The Committee on the Office of the General Assembly has approved the latest additions to the draft docket for the 226th General Assembly of the Presbyterian Church (U.S.A.). During the opening session of its fall meeting on Tuesday, COGA members said yes to the plan that not only includes online committee meetings, but other events and activities during the in-person portion of the assembly in Salt Lake City.
Kate Trigger Duffert, director of General Assembly planning for OGA, outlined plans for the online committee meetings that will take place June 25–27, 2024.
“Prior to the committee meetings, there will be two sessions for commissioners and advisory delegates to gather and get to know one another,” she said. “The second gathering will be for testing out the tech so that when they begin meetings, they will know what to do.”
The in-person portion of the assembly will take place June 29–July 4. Trigger Duffert said there are plans to offer “town hall” meetings similar to the “riverside conversations” that have been held before.
“We want to offer space for people to gather on a particular topic or discuss what business is coming in or other areas of interest,” she said. “Those will be open to people beyond agencies and committees. We have heard the need for the assembly to be open to all people so they can embrace it as their assembly and have conversation on topics they are passionate about. They want conversation and to be in touch with participants.”
COGA also discussed plans to change the volunteer recruitment process for General Assembly.
“We want to see the richness in diversity of the pool of applicants; people of color, queer people and people with disabilities. We want to shift thinking away from being a part of a team that wants to stay intact,” said valerie izumi, OGA’s manager for General Assembly nominations. “We want to rethink that so there are no closed groups.”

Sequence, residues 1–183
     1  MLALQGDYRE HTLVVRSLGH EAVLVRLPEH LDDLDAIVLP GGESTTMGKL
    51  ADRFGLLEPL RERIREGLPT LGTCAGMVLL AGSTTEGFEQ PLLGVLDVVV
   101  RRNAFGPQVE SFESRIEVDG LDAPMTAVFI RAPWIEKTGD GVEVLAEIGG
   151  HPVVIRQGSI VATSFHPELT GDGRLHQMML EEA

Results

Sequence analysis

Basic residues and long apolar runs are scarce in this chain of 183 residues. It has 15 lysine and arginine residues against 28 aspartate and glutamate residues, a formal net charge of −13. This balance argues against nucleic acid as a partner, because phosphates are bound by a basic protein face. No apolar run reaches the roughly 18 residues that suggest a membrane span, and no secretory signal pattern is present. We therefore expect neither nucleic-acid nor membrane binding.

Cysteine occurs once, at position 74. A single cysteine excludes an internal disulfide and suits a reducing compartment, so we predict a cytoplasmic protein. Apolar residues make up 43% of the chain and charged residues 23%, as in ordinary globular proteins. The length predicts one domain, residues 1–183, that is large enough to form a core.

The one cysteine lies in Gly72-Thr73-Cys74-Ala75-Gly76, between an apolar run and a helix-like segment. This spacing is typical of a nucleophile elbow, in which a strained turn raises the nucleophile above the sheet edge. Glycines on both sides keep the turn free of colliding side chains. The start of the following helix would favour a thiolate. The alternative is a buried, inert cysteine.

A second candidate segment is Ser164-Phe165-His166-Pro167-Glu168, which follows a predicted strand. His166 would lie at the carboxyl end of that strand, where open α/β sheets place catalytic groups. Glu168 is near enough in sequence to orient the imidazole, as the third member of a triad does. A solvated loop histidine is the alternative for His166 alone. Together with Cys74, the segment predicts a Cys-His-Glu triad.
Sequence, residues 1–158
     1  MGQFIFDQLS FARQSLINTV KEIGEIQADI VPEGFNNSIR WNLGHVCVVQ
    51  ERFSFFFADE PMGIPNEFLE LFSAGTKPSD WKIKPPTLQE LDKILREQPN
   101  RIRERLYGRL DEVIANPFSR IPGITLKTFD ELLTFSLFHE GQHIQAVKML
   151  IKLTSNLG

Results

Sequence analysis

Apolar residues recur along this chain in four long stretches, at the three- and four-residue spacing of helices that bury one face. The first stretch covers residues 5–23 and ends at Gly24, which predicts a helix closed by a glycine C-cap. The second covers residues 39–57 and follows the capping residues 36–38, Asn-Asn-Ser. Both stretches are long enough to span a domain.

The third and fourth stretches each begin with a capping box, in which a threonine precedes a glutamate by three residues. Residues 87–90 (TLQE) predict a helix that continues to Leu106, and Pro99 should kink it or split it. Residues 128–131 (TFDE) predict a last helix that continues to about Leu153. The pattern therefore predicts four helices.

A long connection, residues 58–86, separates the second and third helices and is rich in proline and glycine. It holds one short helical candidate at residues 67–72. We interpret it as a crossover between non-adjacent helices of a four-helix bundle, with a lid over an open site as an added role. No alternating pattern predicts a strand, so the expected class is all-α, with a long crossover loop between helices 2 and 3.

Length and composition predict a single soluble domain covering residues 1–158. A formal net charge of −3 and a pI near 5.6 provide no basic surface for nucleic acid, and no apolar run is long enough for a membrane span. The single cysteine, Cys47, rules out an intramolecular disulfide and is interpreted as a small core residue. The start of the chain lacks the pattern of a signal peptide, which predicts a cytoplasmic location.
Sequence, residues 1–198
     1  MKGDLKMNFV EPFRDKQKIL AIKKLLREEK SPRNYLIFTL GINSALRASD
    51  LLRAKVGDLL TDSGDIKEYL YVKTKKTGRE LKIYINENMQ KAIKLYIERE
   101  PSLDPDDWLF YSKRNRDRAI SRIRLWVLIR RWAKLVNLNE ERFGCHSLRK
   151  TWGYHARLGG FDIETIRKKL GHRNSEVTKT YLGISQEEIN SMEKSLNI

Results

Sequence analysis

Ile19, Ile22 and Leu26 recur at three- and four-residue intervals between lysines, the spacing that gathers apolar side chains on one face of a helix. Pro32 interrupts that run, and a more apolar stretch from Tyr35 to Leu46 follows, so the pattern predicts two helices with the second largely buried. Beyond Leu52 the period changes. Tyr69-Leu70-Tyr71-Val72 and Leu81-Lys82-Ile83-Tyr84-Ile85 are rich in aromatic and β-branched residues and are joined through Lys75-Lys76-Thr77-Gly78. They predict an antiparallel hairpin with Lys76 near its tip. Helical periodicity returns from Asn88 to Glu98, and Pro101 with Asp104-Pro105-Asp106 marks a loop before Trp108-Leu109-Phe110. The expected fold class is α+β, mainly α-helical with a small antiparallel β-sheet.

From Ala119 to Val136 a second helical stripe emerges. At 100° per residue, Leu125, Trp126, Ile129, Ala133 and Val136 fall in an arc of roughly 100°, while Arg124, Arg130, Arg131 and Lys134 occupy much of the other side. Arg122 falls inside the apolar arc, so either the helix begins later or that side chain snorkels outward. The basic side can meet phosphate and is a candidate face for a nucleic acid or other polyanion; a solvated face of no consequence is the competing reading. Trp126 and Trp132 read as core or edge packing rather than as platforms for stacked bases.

At the 225th General Assembly last year, space was provided for Black, Indigenous and People of Color to gather and debrief their experiences.
“The BIPOC space was very successful. It was really a gift to have been in that space, seeing people of color wanting to know more about life and witness of the church in its governance. A lot of people needed that space to vent, ask questions or receive comfort and we were able to provide that for them,” said izumi. “We want to do that same kind of thing for the queer community.”
Under the draft docket, June 29 will include Young Adult Advisory Delegate training, an open reception hosted by the Presbytery of Utah, and an opportunity for attendees to meet candidates for moderator as well as PC(USA) agency representatives. Trigger Duffert said other groups interested in hosting events can do so, but they will be responsible for the details as staff and volunteers will be stretched.
“Groups can schedule events and we will make sure people know about them. We cannot staff every single event, but we recognize there is a need for the church to come together in these spaces and we can help foster communications around that,” she said. “If someone wants to schedule a meeting, such as a luncheon, we’ll make sure to direct people to the right place at the right time.”
Trigger Duffert added that, unlike the last two assemblies, observers are welcome.
“Because of the Covid restrictions of the past, some folks assume next year’s assembly is a locked-down event. That is not true. If folks want to come, they can come. There is no reason people should not feel welcome,” she said. “We want everyone to come. We might not have enough room to fit everyone in the same space, but we will have alternatives.”
COGA continues its fall meeting Wednesday, which will include consultation with members of the Unification Commission.